SEEKING A CHANCE: Tamika Terare is looking for a job at a time when youth unemployment is at 17.6%.
SEEKING A CHANCE: Tamika Terare is looking for a job at a time when youth unemployment is at 17.6%. Mike Knott BUNYTH

Tamika just wants a job, like many other unemployed youth

AT JUST 17, Tamika Terare is in the same jobless boat as far too many of the young people in the Wide Bay Burnett region.

The Australian Bureau of Statistics has announced that the unemployment rate for young people aged 15-24 in the area has reached 17.6%.

Ms Terare is hoping to get off the unemployment queue by continuing her education through Impact Make Your Mark, but she says it is still not easy.

"It's very hard looking for work," she said.

"I do get a little bit despondent, but I still have hope."

Ms Terare is hoping to find work in the retail industry, but she is also attracted to hospitality.

Part of her routine is a resume run on Fridays, when she visits businesses in Bundaberg and drops off her details.

"I think I'd be a good employee," she said.

"I'm willing to work hard."

Ms Terare said it was tough seeing people her age who were working and had spending money, when she had none.

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"When someone else gets a position I've applied for I wonder 'What's wrong with me? Why didn't I get it?" she said.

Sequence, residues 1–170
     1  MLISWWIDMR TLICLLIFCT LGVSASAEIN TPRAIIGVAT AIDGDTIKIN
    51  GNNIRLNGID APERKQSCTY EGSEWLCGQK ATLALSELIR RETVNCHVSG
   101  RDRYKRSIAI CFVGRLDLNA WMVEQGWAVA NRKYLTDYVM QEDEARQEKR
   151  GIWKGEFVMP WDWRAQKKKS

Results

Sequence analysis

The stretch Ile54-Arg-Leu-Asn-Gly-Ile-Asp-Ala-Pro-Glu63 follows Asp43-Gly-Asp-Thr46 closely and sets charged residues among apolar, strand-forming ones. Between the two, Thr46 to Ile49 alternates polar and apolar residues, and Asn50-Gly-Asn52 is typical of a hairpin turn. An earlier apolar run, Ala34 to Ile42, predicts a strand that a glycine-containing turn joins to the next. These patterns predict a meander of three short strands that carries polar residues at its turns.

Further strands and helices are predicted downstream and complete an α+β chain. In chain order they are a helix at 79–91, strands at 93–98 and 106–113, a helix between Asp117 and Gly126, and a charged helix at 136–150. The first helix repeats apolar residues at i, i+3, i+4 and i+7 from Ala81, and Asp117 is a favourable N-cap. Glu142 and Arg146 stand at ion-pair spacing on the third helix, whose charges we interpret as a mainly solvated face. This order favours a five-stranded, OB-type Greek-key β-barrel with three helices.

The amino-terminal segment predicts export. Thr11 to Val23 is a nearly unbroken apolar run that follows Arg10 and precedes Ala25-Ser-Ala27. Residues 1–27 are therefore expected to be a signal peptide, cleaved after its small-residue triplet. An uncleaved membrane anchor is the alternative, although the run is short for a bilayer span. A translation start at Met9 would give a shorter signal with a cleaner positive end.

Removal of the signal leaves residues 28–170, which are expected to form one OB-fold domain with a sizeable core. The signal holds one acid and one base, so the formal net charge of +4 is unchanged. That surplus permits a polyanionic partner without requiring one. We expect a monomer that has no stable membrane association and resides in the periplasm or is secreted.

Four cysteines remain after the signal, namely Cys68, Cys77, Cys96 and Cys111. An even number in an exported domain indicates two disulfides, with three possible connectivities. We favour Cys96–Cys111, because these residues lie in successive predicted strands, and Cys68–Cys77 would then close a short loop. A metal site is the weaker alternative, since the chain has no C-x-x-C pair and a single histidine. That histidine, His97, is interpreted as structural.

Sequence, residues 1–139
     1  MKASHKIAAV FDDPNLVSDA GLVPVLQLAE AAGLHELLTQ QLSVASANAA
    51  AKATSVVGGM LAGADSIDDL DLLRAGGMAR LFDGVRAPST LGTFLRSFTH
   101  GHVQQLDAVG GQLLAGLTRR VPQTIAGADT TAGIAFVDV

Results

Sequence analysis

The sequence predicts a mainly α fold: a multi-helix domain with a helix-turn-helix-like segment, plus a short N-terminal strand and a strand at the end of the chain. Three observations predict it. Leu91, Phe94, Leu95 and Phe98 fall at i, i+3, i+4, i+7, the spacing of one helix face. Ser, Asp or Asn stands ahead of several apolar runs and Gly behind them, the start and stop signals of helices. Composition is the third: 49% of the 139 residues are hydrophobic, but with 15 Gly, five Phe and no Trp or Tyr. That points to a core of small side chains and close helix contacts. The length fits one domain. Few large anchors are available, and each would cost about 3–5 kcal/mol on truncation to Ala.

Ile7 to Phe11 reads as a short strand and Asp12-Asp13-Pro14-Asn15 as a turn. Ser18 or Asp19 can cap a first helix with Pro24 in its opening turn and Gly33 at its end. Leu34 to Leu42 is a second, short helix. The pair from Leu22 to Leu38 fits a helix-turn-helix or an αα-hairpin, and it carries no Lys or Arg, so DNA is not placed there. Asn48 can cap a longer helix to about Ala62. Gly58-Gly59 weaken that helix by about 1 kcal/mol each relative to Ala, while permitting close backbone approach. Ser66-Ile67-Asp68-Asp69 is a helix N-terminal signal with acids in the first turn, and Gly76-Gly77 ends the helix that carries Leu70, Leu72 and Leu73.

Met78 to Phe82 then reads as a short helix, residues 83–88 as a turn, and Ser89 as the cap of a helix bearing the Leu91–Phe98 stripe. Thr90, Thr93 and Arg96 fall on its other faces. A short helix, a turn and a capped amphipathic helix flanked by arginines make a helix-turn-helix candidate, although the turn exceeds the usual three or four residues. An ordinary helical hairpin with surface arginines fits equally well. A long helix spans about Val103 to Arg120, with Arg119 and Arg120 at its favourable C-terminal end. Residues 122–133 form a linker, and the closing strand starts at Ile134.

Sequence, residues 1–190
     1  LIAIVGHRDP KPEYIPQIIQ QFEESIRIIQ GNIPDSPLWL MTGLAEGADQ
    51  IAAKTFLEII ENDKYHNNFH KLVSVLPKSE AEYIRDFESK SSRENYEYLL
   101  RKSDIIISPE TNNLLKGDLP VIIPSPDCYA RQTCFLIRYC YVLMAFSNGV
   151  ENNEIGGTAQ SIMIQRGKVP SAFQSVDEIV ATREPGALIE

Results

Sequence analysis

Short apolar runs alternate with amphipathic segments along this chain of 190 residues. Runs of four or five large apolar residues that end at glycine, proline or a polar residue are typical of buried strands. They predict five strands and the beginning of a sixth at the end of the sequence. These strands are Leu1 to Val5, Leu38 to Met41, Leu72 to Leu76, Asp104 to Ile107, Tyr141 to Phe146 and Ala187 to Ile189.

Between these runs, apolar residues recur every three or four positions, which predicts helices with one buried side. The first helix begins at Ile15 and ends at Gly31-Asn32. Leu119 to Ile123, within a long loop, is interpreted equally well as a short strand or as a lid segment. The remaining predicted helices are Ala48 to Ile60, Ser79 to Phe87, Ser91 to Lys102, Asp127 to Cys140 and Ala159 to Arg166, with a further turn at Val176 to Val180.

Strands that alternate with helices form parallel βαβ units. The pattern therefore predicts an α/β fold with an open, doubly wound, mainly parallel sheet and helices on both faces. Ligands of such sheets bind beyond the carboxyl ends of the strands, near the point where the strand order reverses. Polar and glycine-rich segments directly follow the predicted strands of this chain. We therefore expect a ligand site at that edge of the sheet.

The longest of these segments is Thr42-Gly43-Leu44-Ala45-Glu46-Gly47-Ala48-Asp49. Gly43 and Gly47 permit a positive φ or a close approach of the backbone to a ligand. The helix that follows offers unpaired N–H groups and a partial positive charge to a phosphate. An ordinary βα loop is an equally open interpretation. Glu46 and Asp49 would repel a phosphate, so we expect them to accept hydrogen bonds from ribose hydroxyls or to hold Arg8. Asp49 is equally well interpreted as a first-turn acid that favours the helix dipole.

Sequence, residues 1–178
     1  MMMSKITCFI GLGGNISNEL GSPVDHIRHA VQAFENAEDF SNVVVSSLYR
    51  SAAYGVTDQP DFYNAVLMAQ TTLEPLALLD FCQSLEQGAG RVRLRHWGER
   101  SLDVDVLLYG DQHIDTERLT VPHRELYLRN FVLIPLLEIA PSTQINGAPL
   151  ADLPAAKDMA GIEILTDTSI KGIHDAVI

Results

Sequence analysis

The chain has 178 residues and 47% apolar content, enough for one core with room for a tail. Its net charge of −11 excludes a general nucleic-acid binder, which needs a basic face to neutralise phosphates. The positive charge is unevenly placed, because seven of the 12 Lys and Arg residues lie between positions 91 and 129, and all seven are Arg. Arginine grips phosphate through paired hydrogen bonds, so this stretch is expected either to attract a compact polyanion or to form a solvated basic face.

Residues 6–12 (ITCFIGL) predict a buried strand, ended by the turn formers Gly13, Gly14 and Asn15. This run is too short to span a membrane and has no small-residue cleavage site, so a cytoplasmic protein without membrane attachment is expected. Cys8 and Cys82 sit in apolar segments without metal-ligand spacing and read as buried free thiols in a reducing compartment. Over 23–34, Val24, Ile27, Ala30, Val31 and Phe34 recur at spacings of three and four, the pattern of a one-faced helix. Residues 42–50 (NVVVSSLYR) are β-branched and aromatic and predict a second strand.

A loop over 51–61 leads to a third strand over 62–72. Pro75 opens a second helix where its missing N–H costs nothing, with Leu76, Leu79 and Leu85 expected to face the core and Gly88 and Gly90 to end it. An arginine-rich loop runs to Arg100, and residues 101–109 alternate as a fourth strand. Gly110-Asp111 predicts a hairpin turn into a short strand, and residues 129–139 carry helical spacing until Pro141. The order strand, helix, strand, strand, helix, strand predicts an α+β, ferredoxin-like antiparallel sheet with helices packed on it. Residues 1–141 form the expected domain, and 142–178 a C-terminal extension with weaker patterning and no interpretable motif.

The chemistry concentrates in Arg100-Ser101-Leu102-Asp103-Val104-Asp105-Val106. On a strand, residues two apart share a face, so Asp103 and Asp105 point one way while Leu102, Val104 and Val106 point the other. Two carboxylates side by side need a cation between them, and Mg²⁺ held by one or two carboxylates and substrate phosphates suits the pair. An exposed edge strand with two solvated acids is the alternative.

In a bid to cut the youth unemployment in the Wide Bay the Federal Government has launched My Chance, Our Future - a new campaign highlighting the urgent issue of youth unemployment.

The program will provide support to youth towards an education pathway or to stay at school.

Youth Connections service provider Impact Make Your Mark CEO Tanya O'Shea welcomed the attention to this urgent issue.

"Youth Connections staff know better than most how tough it is for our young people to get a job in the Wide Bay, so this campaign is sorely needed," she said.

"We also know how much damage unemployment can do to our young people and to our local community.

"We need this issue on the radar, and the My Chance, Our Future campaign will help do that."

Ms O'Shea said around one in four young Australians was neither working nor studying full time.

"These young people really need our help to get that first job, so Youth Connections services are really vital for the community," she said.

"Impact encourages anyone in our local community who is concerned about youth unemployment to sign up to the new campaign so we can really start to tackle this growing problem together."



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